The film’s hexapods are described as being ancient: they’re slow and cumbersome and almost every hexapod depicted on screen short-circuits at one point. “I have to thank the very first Star Wars film for that,” says Nguyen. “What I love about Star Wars is that it’s science fiction but all of the technology is broken and worn. Everyone jumped on that idea after Star Wars, and we did the same thing (laughs). It makes technology more sympathetic. But making it slow and cumbersome was the easiest part — it actually was slow and cumbersome in real life! Basically, I just googled ‘coolest hexapods in the world’ (laughs) and one of the ones that popped up was in Portland, Oregon. I went down there with my production designer Manu Fréchette and we developed it with them. On the first day of the shoot, the robot crashed. We really panicked — in the middle of the desert! It didn’t love sand. The designer worked all night to get it up and running again but it was barely moving. It would move a tiny bit and then crash!”
Eye on Juliet isn’t exactly a satire or a comedy, but Nguyen does adopt a wry and slightly acerbic tone when exploring the perils of technology in the modern world. In the early going, it even adopts the beats of a rom-com! “It was one of the films I’ve done that was the biggest challenge in terms of pure cinematic language,” says Nguyen. “We had to work out a ton of details to create the illusion of proximity. For example, when we designed Gordon’s office in the control room, we realized we had to put the screen higher than his eye level in order for him to have the same eyeline as the hexapod. Once it’s established that the hexapod is talking, we no longer cut back to Gordon. He is the hexapod for the rest of the scene.
“I think setting constraints is what makes cinematic language interesting,” he continues, also mentioning how a significant portion of the film is told through the thermal cameras installed on the hexapod. “It gives you an angle. It’s interesting that you bring up the thermal cameras because I have an anecdote about them. We’d done research on what kinds of thermal cameras were available on the market presently and we found one that was very good but that we couldn’t import to the set in Morocco because they considered it a weapon. So we had to get a slightly worse camera in order to be able to get it into the country. There are always things like that on set that you can’t anticipate. When we got to the airport in Ouarzazate, they somehow knew we had a thermal camera! Maybe they have sensors or something, but they knew immediately. Maybe they have informants — I have no idea!”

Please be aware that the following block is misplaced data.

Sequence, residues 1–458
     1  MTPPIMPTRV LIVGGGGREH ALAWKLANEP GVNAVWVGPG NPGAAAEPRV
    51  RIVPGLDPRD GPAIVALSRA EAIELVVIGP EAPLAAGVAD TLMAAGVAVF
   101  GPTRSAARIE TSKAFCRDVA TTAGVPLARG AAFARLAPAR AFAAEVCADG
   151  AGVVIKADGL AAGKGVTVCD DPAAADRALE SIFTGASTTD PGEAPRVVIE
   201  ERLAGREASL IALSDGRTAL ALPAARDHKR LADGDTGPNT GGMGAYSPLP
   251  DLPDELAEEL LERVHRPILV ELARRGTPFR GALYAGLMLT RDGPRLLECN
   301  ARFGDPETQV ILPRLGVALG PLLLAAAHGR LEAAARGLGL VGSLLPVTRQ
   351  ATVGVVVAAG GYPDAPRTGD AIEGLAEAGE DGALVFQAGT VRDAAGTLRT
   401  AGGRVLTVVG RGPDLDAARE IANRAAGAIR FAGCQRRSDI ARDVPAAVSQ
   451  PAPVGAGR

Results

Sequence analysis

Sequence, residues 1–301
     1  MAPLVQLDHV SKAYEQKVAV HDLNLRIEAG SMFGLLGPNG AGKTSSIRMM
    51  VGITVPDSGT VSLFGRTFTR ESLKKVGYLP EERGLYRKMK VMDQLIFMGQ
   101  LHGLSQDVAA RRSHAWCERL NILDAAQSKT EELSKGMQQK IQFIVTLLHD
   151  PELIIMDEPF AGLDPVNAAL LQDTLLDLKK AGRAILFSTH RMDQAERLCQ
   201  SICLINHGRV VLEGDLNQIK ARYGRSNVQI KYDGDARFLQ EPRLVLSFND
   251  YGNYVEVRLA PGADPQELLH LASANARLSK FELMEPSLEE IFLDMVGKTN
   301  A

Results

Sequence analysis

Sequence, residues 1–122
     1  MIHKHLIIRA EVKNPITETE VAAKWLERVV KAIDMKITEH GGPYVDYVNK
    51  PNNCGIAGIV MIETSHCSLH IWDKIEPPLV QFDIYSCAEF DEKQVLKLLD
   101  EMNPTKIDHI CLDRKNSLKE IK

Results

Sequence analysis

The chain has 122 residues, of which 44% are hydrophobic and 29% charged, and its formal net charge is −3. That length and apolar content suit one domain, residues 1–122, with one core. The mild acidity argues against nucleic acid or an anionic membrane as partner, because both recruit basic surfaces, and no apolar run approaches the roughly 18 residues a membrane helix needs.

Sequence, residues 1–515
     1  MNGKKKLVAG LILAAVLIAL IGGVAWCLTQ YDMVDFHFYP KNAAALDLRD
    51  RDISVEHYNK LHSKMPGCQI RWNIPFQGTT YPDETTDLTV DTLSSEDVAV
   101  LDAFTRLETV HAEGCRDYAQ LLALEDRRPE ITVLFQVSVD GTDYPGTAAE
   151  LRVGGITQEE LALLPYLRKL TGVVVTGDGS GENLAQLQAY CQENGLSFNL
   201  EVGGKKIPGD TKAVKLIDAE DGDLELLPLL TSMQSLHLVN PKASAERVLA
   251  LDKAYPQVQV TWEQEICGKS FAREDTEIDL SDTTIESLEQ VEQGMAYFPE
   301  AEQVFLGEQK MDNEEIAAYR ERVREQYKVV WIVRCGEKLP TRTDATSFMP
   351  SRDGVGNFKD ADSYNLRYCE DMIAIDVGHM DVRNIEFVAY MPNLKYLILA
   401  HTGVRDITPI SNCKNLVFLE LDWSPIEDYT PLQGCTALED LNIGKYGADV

In a way, the challenge proves a necessity in a world where important things — world events, even — happen on computer screens and smartphones. “I can’t deal with people sending texts in movies,” laughs Nguyen. “I sort of set this dogma for myself that I would never show texts directly on screen in a movie! It’s very depressing — real life is becoming less and less cinematic. But I honestly don’t know if it can go much further than where it is now, besides everyone just walking into telephone poles because they’re not watching where they’re going. I have a feeling we’ll go back and find a balance. (…) My 14-year-old daughter had some friends over last Friday and I thought it was very beautiful that one of them just said, ‘All right, everyone put their phone on the table and don’t touch it!’ I’m beginning to feel like it could actually change for the better!” ■
Eye on Juliet opens in theatres on Friday, April 20. Watch the trailer here: